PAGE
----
December 8, 2011 - The Museum of Modern Art, New York - Sanja Ivekovic’s Sweet Violence
December 8, 2011

Sanja Ivekovic’s Sweet Violence

Sanja Iveković, Stills from “Lighthouse,” 1987–2001.
Installation with video (black-and-white, sound), 3:59 min.*

Sanja Iveković
Sweet Violence
December 18, 2011–March 26, 2012

Special Exhibitions Gallery, third floor
The Donald B. and Catherine C. Marron Atrium, second floor

The Museum of Modern Art, New York
11 West 53 Street
New York, NY 10019
(212) 708-9400
MoMA.org

Sanja Iveković: Sweet Violence is the first retrospective in the United States of the work of Sanja Iveković, groundbreaking feminist, activist, and video and performance art pioneer. The exhibition is organized by Roxana Marcoci, Curator, Department of Photography, The Museum of Modern Art, New York.

Iveković (b. 1949, Zagreb), came of age in the post-1968 period in former Yugoslavia, at a time when artists broke free from institutional settings, laying the grounds for a form of opposition to official culture. In the 1970s Iveković probed the persuasive qualities of mass media and its identity-forging potential, and after 1990—with the fall of the Berlin Wall, the disintegration of Yugoslavia, and the birth of a new nation—she focused on the transformation of reality from communist to post-communist political systems.

The exhibition includes over 100 works, presenting the full range of the artist’s practice from conceptual photomontage to video, social sculpture, and performance. Among the highlights, Iveković’s series of photomontages, Double Life (1975–76), addresses the media’s role in identity formation; the performance Triangle (1979) is a response to political cults of the leader and systems of political surveillance; the video Personal Cuts (1982) fuses historical inquiry with feminist politics; and the installation Report on CEDAW U.S.A. (2011) exposes the disregard for women’s rights that today pervades both transitional societies and democracies that pretend otherwise. Iveković’s major sculpture Lady Rosa of Luxembourg (2001), which, along with documentation of its original public presentation and critical reception, takes center stage in the Museum’s Donald B. and Catherine C. Marron Atrium, adopts a generative approach to historical memory. Drawing on a remarkable 40-year artistic practice, the exhibition presents Iveković’s unflinching view of gender roles, the official politics of power, and changes in national ideology.

Panel Discussion
A panel discussion focusing on art and politics takes place on Monday, December 12, at 6:00 p.m. Participants include Ivana Bago and Antonia Majača, curators, Institute for Duration, Location and Variables [DeLVe], Zagreb; Charles Esche, Director, Van Abbemuseum, Eindhoven; Sanja Iveković, artist, Zagreb; Bojana Pejić, art historian and curator, Berlin; and Martha Rosler, artist, New York. Roxana Marcoci, Curator, Department of Photography, The Museum of Modern Art, moderates the discussion. Tickets can be purchased at MoMA at the lobby information desk or the film desk, or online at MoMA.org/talks. This program takes place in The Celeste Bartos Theater at MoMA, in the Cullman Education and Research Building at 4 West 54 Street.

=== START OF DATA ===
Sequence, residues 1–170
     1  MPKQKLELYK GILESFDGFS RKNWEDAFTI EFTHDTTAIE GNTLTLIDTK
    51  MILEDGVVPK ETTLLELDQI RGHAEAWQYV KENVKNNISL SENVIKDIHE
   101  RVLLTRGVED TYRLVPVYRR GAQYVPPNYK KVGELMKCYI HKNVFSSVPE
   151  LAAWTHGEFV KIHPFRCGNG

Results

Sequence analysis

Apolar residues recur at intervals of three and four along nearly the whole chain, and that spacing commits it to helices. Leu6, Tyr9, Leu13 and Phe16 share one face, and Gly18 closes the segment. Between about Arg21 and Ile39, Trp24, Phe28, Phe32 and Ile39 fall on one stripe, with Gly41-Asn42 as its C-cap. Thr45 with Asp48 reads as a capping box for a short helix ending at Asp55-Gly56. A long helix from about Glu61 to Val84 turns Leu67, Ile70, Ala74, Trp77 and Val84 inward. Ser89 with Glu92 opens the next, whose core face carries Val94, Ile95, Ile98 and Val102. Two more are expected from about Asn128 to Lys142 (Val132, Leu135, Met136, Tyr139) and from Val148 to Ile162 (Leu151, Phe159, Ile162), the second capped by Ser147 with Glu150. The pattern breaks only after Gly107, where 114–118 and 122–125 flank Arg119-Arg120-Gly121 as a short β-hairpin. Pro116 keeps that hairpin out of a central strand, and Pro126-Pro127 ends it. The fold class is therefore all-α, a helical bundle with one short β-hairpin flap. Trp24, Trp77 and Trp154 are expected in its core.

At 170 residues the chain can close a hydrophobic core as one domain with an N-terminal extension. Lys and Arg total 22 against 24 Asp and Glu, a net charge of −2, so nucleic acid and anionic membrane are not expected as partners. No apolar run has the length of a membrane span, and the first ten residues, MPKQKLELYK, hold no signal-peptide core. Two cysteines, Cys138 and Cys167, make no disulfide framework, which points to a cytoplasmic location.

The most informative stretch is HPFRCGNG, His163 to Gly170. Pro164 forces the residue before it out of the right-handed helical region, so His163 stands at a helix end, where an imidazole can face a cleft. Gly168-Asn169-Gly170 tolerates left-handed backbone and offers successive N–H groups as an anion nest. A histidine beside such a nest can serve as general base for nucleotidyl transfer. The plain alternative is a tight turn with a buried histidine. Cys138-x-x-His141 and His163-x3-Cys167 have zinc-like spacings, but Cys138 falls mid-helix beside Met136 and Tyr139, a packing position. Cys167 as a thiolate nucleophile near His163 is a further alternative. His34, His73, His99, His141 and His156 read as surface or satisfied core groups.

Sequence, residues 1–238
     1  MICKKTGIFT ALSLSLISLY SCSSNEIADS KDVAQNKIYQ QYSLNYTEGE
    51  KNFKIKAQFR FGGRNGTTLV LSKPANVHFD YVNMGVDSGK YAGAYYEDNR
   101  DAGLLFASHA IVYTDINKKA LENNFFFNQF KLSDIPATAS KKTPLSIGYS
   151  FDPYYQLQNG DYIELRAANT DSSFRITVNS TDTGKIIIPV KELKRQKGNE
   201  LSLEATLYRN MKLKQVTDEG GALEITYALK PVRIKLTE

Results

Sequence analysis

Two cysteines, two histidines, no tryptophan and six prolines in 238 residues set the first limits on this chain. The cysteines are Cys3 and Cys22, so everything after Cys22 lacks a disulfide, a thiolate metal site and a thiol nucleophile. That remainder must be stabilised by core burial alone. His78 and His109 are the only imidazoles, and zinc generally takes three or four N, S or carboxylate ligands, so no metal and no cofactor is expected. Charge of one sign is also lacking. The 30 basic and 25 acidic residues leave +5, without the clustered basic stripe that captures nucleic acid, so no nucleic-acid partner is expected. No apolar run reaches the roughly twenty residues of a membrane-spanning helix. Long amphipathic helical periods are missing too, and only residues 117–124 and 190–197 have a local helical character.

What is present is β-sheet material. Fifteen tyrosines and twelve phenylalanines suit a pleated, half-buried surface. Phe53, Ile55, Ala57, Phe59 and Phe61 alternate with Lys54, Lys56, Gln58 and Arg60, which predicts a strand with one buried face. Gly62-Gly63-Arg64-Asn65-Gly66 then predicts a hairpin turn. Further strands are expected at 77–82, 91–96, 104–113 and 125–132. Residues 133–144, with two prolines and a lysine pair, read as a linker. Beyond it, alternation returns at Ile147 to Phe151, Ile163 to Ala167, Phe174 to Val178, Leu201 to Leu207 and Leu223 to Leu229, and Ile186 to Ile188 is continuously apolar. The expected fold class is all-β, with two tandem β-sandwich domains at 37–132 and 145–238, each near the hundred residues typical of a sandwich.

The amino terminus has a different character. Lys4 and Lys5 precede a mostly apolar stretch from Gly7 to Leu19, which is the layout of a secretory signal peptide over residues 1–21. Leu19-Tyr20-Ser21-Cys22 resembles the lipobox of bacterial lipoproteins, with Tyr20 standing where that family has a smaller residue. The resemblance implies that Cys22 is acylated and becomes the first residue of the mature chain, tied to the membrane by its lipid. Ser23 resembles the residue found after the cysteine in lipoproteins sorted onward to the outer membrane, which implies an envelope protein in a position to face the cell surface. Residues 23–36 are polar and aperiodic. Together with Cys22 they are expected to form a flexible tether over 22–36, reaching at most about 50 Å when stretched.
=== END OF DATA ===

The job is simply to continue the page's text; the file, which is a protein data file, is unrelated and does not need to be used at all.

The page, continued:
Performance
Sanja Iveković‘s performance Practice Makes a Master, with Sonja Pregrad, takes place on December 12 at 8:00 p.m., December 14 at 5:00 p.m., and December 15 at 7:00 p.m. Tickets can be obtained free of charge at MoMA at the lobby information desk or the film desk, or online at MoMA.org/talks. This program takes place in MoMA’s Classroom B, in the Cullman Education and Research Building at 4 West 54 Street.

Publication
Sanja Iveković: Sweet Violence, a major publication featuring essays by curator Roxana Marcoci and literary critic Terry Eagleton, offers a philosophical context for investigating urgent issues such as women’s rights, political activism, and collaborative tactics in art.

Sanja Iveković: Sweet Violence is made possible by MoMA’s Wallis Annenberg Fund for Innovation in Contemporary Art through the Annenberg Foundation. Major support is provided by The Modern Women’s Fund, established by Sarah Peter, and by The Andy Warhol Foundation for the Visual Arts. Additional funding is provided by David Teiger, The International Council of The Museum of Modern Art, Trust for Mutual Understanding, and The Junior Associates of The Museum of Modern Art.

*Image above:
Collection the artist. © 2011 Sanja Iveković.

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